Every school, whether intentionally or not, teaches more than academic subjects. Simply participating in the daily life of a school, its routines and how it justifies and enforces them, its norms for relationships among pupils (of the same age and of different ages) and between youth and adults, the ways in which adults relate to one another (closely observed by their pupils), and a thousand other aspects of schooling teach lessons for life. Those lessons may be very positive, may be life-transforming for youth who come to school from difficult backgrounds, or they may be negative, teaching cynicism, manipulation, even cruelty.
Good schools in every country, it is fair to say, are characterized by a sense of mission and a well-defined understanding of the nature of human flourishing which in turn shapes a distinctive culture, a caractère propre, affecting not only the overt curriculum and teaching methods but also those habits and mores which teach so much. One of the best books about American schools, “The Shopping Mall High School,” points out that
students of all kinds usually thrive by participation in institutions with distinctive purposes and common expectations. Magnet schools, examination schools, and schools-within-schools are expressions of the desire for communities of focused educational and often moral purpose. Because they are special places to begin with, teachers and students feel more special in them. Both are more likely to be committed to a purpose and the expectations that flow from it if they choose — and are chosen by — schools or sub-schools than if they are simply assigned to them. The existence of a common purpose has an educational force of its own, quite independent of the skills of individual teachers. It also helps good teachers do a better job and may soften the impact of less able teachers.
Paradoxically, the ability of school staff to form coherent communities expressing a shared understanding of education for life may be limited by efforts of government to require that they take on such agendas. It remains to be seen whether education officials can resist the temptation to set standards in such a form that they inhibit the distinctiveness which is a natural result of collaboration to shape the life of an individual school. Clear but limited outcome standards are what is needed.
Most countries prescribe some form of education for citizenship, whether conceived in political or in behavioral terms, or both, and most also make provisions for education in particular religious traditions. Education about religious beliefs and customs is also often included in the curriculum in history and social studies. There are good reasons to question whether curriculum content in either of these areas has a major effect upon beliefs and practices, though certainly such knowledge is an essential part of an adequate education. More significant are the actual practices of schools.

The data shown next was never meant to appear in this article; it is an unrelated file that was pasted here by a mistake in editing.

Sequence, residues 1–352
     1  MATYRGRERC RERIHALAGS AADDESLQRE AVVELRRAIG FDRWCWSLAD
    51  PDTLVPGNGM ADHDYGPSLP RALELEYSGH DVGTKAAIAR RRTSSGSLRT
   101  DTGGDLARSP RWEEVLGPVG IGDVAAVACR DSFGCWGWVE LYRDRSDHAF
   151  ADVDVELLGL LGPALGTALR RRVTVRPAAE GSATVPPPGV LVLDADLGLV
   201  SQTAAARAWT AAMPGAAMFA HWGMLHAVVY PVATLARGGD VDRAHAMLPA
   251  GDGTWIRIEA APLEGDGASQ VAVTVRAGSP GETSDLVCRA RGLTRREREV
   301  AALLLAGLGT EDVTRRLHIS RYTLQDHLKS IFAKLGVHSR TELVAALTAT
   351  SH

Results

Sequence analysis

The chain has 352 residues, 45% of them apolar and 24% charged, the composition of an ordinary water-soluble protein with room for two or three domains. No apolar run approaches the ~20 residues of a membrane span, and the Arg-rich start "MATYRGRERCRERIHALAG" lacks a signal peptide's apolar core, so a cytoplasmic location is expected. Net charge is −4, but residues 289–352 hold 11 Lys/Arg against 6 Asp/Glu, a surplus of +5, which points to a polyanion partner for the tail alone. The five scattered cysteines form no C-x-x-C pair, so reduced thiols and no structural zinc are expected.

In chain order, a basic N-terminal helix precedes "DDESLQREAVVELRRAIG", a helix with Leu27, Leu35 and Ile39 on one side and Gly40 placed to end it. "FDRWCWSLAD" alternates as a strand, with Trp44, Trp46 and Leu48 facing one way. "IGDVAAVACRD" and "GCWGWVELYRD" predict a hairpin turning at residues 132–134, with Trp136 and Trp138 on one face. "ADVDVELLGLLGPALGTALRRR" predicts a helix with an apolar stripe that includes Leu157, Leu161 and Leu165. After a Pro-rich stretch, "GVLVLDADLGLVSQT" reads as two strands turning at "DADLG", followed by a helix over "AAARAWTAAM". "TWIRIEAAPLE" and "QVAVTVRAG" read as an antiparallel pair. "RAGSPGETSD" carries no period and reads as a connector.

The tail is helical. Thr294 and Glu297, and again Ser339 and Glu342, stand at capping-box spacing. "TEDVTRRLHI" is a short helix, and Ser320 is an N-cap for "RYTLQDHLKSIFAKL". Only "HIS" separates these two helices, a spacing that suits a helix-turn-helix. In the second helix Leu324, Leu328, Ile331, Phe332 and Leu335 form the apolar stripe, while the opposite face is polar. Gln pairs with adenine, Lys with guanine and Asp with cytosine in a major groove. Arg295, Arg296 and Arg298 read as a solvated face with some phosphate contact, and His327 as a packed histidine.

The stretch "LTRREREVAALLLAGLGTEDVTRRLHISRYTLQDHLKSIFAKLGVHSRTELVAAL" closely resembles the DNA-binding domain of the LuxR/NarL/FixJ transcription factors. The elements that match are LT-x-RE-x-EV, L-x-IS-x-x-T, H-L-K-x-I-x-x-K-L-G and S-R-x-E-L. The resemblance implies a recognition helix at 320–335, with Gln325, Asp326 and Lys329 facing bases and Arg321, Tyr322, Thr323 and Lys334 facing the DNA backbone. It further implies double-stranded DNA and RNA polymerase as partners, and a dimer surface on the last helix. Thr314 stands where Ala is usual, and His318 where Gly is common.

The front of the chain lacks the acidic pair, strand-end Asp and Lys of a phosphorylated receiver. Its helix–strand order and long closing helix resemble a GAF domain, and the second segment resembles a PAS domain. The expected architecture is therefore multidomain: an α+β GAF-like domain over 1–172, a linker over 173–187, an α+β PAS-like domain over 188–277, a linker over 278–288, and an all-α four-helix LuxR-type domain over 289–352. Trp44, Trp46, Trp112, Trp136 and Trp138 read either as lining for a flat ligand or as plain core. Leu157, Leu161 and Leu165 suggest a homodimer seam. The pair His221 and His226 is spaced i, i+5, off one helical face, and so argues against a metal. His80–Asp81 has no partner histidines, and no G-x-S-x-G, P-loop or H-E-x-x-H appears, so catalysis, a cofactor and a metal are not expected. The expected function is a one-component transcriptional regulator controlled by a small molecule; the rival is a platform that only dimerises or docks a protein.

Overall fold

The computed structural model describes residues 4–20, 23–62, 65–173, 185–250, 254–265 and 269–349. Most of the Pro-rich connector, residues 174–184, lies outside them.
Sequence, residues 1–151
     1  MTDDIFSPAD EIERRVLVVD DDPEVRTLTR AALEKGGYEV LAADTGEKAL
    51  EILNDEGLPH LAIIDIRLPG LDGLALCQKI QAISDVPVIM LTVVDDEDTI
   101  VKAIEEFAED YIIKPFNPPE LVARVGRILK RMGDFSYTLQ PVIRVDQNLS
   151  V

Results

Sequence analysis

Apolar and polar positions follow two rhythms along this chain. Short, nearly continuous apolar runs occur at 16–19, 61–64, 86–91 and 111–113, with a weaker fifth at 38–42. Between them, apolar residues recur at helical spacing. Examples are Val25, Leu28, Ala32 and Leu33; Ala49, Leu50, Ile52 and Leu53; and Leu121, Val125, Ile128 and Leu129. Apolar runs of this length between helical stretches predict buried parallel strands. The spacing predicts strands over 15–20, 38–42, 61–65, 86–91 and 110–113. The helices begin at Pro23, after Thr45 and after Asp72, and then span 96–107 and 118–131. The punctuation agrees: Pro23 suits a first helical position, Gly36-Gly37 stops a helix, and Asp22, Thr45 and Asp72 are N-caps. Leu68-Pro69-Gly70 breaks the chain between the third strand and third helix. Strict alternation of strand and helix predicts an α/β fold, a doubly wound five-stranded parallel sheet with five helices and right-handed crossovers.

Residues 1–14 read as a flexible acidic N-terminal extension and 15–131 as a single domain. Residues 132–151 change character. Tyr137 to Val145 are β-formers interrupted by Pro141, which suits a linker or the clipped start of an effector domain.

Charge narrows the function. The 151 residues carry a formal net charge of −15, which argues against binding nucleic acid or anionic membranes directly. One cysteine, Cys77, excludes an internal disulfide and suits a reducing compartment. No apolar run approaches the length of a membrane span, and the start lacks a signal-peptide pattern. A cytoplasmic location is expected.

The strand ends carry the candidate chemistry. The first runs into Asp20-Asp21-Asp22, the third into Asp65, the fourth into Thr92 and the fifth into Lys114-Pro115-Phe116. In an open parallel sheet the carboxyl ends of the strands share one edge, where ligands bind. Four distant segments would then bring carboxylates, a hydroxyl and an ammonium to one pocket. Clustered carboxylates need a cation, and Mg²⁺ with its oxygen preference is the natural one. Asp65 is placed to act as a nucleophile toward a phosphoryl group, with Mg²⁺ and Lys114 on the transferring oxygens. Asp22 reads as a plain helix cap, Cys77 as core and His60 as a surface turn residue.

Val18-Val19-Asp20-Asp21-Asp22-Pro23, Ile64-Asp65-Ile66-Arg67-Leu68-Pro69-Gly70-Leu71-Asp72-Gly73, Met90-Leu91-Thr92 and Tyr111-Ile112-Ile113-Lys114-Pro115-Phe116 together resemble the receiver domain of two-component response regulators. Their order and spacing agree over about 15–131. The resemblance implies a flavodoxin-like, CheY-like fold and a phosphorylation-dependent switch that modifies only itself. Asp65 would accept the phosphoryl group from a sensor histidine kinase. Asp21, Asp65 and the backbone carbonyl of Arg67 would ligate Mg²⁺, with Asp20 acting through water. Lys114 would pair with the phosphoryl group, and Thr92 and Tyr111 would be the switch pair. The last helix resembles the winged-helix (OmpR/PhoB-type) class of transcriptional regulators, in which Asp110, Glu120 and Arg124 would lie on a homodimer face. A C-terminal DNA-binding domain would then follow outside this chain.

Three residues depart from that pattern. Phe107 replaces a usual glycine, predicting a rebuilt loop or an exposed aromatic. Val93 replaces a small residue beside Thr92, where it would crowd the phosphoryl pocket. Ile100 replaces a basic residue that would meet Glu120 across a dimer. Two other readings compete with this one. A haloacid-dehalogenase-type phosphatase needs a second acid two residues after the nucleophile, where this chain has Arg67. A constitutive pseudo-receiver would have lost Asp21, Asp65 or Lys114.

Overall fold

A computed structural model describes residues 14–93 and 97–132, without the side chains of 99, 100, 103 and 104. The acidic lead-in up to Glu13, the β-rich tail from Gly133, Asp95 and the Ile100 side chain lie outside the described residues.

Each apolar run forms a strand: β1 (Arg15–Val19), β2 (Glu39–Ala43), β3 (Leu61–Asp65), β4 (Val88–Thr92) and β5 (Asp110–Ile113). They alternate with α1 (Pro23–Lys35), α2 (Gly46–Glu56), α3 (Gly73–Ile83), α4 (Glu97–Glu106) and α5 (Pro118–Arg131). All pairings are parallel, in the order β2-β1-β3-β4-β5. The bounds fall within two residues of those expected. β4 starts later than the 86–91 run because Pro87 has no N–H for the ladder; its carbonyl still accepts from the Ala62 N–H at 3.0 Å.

Children and youth learn to be responsible citizens (as Aristotle pointed out), not so much through the content of what they are taught as through the example of those they admire. Teachers who exemplify a dynamic balance of principled autonomy and loyalty to shared norms and purposes help their pupils to develop the same qualities. Nothing could be more important for educational policy than to encourage schools that allow their staff to exercise their professional judgment while aligning their efforts with those of their colleagues in service to a common mission, a mission based upon a shared understanding of the requirements of human flourishing. Whether this understanding has a secular or a religious basis is perhaps less important than that it be able to gain the trust of the families whose children are shaped by the school. Schools, and teachers, subjected to the prescriptions of bureaucratic management are not free to develop these qualities, and thus are less capable of forming citizens.
What is essential is that youth acquire the habits of citizenship, among which we might include a respect for the rule of law, a willingness to respect procedures and to compromise in the resolution of differences, and an acceptance that others – even if believed to be completely misguided – have a right both to express and to live by their own perspectives, provided that they, too, exhibit these habits of citizenship and avoid violating the rights of others. This pluralistic position accepts that individuals may choose to orient their lives and their thinking to communities of conviction. It is, in William Galston’s terms,
an understanding of social life that comprises multiple sources of authority – individuals, parents, civil associations, faith-based institutions, and the state, among others – no one of which is dominant in all spheres, for all purposes, on all occasions. . . . In a liberal pluralist regime, a key end is the creation of social space within which individuals and groups can freely pursue their distinctive visions of what gives meaning and worth to human existence.
The effort to impose government-defined beliefs and values upon all schools and thus an entire rising generation is therefore a matter to be approached with great caution in any free society. Government unquestionably possesses an oversight role to ensure that children are not harmed. If there is clear evidence that a school is failing to provide its students with the capacity to assume adult roles as citizens, that is a case for government intervention. But government has no right to insist that there is only one form of education that can achieve that goal, or one set of convictions about human nature and its nourishing that should guide the educational process.
Who should decide? Staff and boards of individual schools should be free to create and implement a coherent education. Families should be free to choose the school that has earned their trust.